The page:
Since the release some days ago of the video that revealed the moments of agony that the Guatemalan teenager Carlos Gregorio Hernández Vásquez suffered in total helplessness in a Border Patrol detention center in Texas, last May, the significance of the cruelty of the immigration policy of the present U.S. administration has become much clearer. Especially how it affects children.
It was no secret that the behavior of authorities inside detention centers for migrants of any age has been that of negligence, neglect, indifference, cruelty, and violence, as a series of investigations, journalists, and human rights organizations unveiled.
Still fresh in the memory is the series of problems detected by the Office of the Inspector General of the very same Department of Homeland Security, which highlighted the “dangerous overcrowding” and “prolonged detentions,” on top of revelations in letters written by the detained migrant children themselves, in which they denounced the fact that they were not allowed to bathe regularly, the food they were given was horrible and in many cases rotten, and they were not given the tools of basic hygiene, such as a toothbrush and toothpaste, or even soap to wash themselves.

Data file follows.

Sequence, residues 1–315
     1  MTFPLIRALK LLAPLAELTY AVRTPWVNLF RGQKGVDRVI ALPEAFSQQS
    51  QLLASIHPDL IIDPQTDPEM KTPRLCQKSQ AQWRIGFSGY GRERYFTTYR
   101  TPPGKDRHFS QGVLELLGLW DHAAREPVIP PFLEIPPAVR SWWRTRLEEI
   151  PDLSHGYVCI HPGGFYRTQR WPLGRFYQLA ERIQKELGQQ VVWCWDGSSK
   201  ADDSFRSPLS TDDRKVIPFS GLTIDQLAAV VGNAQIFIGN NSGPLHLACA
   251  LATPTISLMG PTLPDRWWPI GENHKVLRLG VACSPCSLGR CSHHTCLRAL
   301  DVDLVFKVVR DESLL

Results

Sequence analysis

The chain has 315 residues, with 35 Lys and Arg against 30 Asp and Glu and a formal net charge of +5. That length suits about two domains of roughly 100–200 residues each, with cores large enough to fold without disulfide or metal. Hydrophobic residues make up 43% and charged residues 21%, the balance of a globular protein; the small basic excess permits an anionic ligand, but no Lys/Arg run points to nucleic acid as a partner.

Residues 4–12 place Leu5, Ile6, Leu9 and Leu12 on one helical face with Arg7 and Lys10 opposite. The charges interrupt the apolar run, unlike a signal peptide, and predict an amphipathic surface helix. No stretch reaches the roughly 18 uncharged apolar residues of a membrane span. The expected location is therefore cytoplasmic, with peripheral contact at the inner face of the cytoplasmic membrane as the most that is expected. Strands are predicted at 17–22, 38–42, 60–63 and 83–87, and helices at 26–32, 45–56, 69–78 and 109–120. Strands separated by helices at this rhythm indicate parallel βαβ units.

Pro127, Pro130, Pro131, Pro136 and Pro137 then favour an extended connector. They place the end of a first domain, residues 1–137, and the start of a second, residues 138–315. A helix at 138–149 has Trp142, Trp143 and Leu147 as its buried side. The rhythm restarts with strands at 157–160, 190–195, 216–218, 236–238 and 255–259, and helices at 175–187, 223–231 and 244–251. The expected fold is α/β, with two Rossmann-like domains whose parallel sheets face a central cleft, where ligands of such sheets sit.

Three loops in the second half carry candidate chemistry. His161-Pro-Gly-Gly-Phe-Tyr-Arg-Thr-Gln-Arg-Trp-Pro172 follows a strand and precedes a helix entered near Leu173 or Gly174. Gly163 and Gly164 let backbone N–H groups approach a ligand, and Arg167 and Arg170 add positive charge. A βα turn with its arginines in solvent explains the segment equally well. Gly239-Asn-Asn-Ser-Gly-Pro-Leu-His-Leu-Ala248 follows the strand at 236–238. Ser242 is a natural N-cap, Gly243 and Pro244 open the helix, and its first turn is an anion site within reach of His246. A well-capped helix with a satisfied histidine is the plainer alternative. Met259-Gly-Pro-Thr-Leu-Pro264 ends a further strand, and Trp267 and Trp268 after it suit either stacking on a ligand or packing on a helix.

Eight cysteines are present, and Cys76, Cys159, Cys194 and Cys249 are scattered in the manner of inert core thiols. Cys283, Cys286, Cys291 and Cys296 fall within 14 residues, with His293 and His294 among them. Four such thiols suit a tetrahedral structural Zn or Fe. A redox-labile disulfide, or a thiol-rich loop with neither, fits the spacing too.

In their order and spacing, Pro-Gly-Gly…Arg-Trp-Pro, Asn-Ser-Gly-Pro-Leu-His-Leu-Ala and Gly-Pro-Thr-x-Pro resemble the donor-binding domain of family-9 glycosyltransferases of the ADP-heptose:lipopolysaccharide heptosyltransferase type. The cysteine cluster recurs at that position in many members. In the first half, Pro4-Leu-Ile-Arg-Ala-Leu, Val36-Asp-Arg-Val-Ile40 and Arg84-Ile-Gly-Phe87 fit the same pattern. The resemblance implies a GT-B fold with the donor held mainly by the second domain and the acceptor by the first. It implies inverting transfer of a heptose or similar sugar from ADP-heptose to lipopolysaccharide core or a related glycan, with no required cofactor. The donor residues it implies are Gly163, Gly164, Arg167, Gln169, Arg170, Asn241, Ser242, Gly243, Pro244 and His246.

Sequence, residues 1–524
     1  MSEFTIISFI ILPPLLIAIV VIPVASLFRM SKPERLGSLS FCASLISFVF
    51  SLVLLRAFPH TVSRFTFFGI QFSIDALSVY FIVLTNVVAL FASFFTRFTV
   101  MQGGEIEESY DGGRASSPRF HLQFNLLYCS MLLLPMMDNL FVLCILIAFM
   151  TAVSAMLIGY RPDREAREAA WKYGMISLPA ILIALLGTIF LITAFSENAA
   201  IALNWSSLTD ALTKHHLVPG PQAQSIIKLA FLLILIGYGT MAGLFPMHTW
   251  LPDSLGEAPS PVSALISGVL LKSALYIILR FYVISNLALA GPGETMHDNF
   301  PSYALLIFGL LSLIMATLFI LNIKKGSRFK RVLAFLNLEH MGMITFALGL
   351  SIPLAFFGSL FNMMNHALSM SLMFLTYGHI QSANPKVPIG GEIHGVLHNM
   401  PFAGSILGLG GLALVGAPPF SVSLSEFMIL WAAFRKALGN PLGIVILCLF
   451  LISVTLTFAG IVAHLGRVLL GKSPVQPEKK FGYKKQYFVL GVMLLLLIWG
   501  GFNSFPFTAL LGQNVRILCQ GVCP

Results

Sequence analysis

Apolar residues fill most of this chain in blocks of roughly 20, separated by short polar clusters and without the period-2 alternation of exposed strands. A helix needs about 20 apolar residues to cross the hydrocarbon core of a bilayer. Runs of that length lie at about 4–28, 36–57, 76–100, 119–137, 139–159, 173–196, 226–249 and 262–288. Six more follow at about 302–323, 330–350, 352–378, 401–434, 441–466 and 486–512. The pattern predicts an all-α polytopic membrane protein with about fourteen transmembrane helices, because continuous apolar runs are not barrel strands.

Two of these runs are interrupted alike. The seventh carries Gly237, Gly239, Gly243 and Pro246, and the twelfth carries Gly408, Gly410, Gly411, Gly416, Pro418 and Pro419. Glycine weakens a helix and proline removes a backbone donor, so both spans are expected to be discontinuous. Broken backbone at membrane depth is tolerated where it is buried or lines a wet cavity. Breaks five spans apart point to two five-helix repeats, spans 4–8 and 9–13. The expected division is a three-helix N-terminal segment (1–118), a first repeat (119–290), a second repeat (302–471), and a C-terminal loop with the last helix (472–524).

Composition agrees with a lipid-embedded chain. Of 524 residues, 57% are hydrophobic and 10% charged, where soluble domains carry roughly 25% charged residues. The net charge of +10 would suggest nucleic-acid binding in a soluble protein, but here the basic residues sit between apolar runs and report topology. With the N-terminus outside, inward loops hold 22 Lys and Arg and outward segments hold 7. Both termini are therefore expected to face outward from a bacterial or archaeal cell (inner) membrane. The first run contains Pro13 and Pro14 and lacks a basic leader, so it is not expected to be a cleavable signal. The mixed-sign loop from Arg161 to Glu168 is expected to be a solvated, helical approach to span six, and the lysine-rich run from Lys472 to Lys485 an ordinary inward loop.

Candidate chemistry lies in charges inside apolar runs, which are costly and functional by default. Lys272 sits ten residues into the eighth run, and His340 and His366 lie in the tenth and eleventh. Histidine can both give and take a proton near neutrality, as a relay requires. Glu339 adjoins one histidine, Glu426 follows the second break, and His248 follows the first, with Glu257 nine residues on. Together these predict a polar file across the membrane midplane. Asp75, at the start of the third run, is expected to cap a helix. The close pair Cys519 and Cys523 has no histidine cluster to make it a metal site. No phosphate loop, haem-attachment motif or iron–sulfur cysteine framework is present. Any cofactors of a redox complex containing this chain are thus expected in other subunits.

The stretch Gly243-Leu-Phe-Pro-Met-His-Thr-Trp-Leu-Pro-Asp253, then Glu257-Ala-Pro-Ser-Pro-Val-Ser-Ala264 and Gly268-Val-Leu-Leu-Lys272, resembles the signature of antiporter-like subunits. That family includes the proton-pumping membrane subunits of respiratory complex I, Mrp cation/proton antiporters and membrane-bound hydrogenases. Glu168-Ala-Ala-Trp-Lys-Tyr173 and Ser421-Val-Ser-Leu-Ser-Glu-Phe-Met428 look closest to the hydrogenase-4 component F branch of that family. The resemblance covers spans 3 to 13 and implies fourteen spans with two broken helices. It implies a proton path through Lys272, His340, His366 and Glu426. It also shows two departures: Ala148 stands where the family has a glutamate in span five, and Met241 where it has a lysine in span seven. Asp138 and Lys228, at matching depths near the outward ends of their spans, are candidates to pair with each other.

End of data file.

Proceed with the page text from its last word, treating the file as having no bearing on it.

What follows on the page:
All this in addition to the harassment of which some children complained and reported at the time, such as physical and sexual abuse, not to mention the excessive amount of time that immigration authorities required them to remain literally caged, violating the Flores settlement agreement, and in what they called “ice boxes,” whose cold temperatures were surely unbearable, the very same which caused outbreaks of preventable illnesses, like the flu, complicated further by the paltry, non-existent, or indifferent medical care.
And all this as a result of the policy of separating families that came to ask for asylum at the border, a policy that kept fathers and mothers separated from their children for an eternity, without knowing where they were, in a country that they did not know, but in which they had placed their hopes of being protected after leaving their countries of origin plagued by violence and poverty.
The impact, of course, would have been even more devastating if the government had gone ahead with its plan of separating more than 26,000 families, something that recently came to light, an act that was also part of its “zero tolerance” policy, that gross and cruel strategy to deter other poor migrants in the future from coming illegally to this country in search of an opportunity to live.
In fact, the aberrant policy of making more than 55,000 asylum-seekers wait in Mexico, not on U.S. soil, exposed to another type of danger through the presence of organized crime, is also part of the anti-immigrant and xenophobic essence that emanates from the current occupants of the White House, including presidential adviser Stephen Miller and the leader of the United States himself.
Those prolonged separations were also a form of psychological torture, for parents as well as children and teenagers, which mental health professionals have said is even more damaging in the long-term than everything else that came before, to this generation of migrants that thought the United States still represented a chance for survival.